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Publication numberUS7339696 B2
Publication typeGrant
Application numberUS 10/647,564
Publication dateMar 4, 2008
Filing dateAug 25, 2003
Priority dateMar 25, 2003
Fee statusPaid
Also published asUS20040190033
Publication number10647564, 647564, US 7339696 B2, US 7339696B2, US-B2-7339696, US7339696 B2, US7339696B2
InventorsAndrew R. Ferlitsch
Original AssigneeSharp Laboratories Of America, Inc.
Export CitationBiBTeX, EndNote, RefMan
External Links: USPTO, USPTO Assignment, Espacenet
Systems and methods for dynamically generating a printer model database
US 7339696 B2
Abstract
Systems and methods for dynamically generating a printer model database (PMDB) that is based on a printer driver. The printer model database is dynamically generated by automatically generating device independent print job options, semi-automatically generating device dependent print job options, and automatically generating a printer model database.
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Claims(24)
1. A method for dynamically generating a printer model database through print job analysis, the method comprising:
using a printer model database generation application to dynamically generate a plurality of test print jobs for delivery to a first printer driver;
using a printer model database generation post-spooling process to capture the test print jobs as output by the first printer driver;
exchanging test sequence information between the printer model database generation application and the printer model database generation post-spooling process, wherein the test sequence information is associated with the plurality of test print jobs;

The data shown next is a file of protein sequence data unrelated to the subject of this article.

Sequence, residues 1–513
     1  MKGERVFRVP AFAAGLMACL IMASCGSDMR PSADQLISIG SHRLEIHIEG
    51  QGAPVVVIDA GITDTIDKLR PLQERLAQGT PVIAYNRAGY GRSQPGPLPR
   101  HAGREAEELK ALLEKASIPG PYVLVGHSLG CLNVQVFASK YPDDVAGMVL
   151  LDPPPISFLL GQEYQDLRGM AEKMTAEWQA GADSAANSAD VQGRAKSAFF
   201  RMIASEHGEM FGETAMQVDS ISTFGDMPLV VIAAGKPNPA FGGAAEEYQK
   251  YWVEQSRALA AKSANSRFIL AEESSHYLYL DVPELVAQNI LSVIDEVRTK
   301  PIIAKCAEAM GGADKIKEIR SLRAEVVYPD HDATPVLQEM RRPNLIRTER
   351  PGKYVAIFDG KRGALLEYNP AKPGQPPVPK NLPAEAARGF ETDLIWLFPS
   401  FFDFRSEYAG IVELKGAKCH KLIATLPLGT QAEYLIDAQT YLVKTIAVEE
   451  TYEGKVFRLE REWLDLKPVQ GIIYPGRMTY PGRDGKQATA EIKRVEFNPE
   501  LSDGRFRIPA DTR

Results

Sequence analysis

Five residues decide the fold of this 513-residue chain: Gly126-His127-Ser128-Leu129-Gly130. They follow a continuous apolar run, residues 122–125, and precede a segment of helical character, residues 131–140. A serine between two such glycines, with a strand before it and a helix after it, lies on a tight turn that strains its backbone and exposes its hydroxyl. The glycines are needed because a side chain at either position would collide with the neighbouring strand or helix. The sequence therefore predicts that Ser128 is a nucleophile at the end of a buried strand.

archiving the test print jobs; and
using the printer model database generation application to perform an analysis process comparing differences between the plurality of test print jobs as output by the first printer driver to generate a printer model database entry for the first printer driver.
2. The method as recited in claim 1, wherein using a printer model database generation application to dynamically generate a plurality of test print jobs comprises automatically generating a first test print job when the first test print job corresponds to an option that is printer driver independent.
3. The method as recited in claim 2, wherein automatically generating the first test print job when the first test print job corresponds to an option that is printer driver independent comprises at least one of:
(i) specifying one or more device independent print options
(ii) specifying one or more device independent option settings.
4. The method as recited in claim 2, wherein the option corresponds to at least one of:
(i) a number of copies to be rendered;
(ii) a copy collation process;
(iii) a duplex printing process;
(iv) an order for rendering pages of the print job;
(v) an orientation for rendering a page of the print job;
(vi) a size of paper to be used to render the print job;
(vii) a paper source to be used to render the print job;
(viii) a paper type to be used to render the print job;
(ix) a booklet rendering process; and
(x) an N-up printing process.
5. A method as recited in claim 2, further comprising:
obtaining a default initialized structure from a printer driver;
updating the structure according to the option; and
generating the first test print job using the updated structure.
6. The method as recited in claim 1, wherein using a printer model database generation application to dynamically generate a plurality of test print jobs comprises semi-automatically generating a first test print job when the first test print job corresponds to at least one of:
(i) an option that is printer driver dependent; and